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Not All “Contracts” Are Contracts – And That’s a Good Thing

SCFI spot rates have now dropped to $3,050/FEU to US WC and $3,545/TEU to Europe. Overall spot rates are down 27% from a month ago. At this point most shippers who signed contracts on the major global trade routes are looking at spot rates much lower than their contract rates. Many are wondering if they can either renegotiate their contract rates, or simply syphon contract cargo into spot bookings. After-all, this would have been common practice in the years prior to 2020…

Then we recently saw completely opposite signals from two major carriers:

Chang Chao-feng, the COO of Yang Ming, said “We will discuss the contracts with our customers… we’ll make necessary adjustments, depending on the contract.” (The Loadstar)

Rolf Habben Jansen, the CEO of Hapag-Lloyd, has clearly explained that Hapag-Lloyd would not be renegotiating their contracts. (JOC.com)

How can this be?

Basically the contracts that Rolf Habben Jansen is referring to are likely different to the contracts that Chang Chao-feng is referring to.

FMC Commissioner Dye alluded to this in her testimony to the Senate in March when she said: “I have been concerned that many service contracts for carriage of cargo entered into between shippers and ocean carriers lack mutual commitment.  This ambiguity about mutual enforceability in these so-called “contracts” may cause severe consequences…”.

Generally speaking, there are two contract categories in the market today.

Firstly, there are traditional contracts that are ambiguous. For example, these contracts may have a minimum quantity commitment (MQC) the parties agree to fulfil over the course of the contract, but with no commitments as to which week the cargo will be shipped, or on which service. These contracts may even include penalties, or liquidated damages for non-performance, but without clear commitments it is practically impossible to prove who was at fault – thereby rendering these contracts unenforceable.

Secondly, there are a growing number of new contract types where the commitments are clearly laid out on a weekly basis and the ports or routes are specified. This makes it possible for the carrier to understand exactly what its obligations are, and same for the shipper. Where these obligations are clear, then it’s possible to track each party’s performance, and consequences can be applied of non-performance. These consequences may be financial, such as liquidated damages, or tied to future allocation cuts etc. Nonetheless, the consequences are clear and agreed on by both parties going into the contract, thereby creating real incentives for both the carrier and the shipper to perform.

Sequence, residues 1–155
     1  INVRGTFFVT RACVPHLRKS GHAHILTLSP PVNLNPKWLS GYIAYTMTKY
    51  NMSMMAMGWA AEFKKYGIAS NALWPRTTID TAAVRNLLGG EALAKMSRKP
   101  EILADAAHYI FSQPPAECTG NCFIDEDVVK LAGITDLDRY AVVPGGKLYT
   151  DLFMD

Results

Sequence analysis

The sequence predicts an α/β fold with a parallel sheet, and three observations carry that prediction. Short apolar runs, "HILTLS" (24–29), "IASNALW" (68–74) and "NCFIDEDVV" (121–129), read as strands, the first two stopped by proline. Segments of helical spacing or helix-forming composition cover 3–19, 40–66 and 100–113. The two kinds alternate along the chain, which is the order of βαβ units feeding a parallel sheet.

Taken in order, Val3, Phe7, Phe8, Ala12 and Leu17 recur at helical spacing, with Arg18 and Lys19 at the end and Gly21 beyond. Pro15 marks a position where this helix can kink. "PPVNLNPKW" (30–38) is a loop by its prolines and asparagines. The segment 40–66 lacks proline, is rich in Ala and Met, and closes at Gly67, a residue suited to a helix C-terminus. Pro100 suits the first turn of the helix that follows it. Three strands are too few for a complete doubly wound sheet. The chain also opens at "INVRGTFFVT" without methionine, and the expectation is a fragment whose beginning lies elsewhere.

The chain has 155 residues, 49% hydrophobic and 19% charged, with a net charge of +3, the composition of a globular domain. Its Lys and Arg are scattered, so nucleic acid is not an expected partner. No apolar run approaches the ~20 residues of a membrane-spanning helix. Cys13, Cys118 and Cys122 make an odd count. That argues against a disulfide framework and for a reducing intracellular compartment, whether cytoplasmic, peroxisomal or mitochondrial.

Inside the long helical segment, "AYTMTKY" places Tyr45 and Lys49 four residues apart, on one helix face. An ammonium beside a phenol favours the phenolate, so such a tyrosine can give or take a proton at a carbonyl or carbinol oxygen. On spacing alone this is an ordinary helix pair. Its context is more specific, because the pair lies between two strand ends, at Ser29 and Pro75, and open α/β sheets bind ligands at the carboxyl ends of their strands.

Based on this, Chang Chao-feng may be referring to the traditional unenforceable contracts in the 1st category, whereas I believe Rolf Habben Jansen may be referring to more modern and enforceable contracts in the 2nd.

Is this a good thing?

I actually think this is a very good thing, especially for shippers.

Shipper procurement managers now have a new set of contracting tools which they can use to better manage their supply chain risk. For example, if a shipper needs predictable landed cost and consistent service levels, then she or he can enter an enforceable contract with the appropriate consequences, or incentives for performance. Alternatively, if the shipper wants the flexibility to take advantage of low spot rates when the market softens, then the shipper can make a more traditional unenforceable contract, but then accepts the risk that the carrier may also curtail the unenforceable contract allocations when spot rates rise.

The more innovation in contract types offered, the more choice shippers have to select the contract type that meets their business needs.

So at the end of the day, the more choice the better…

– by Gordon Downes, CEO and Co-Founder of NYSHEX

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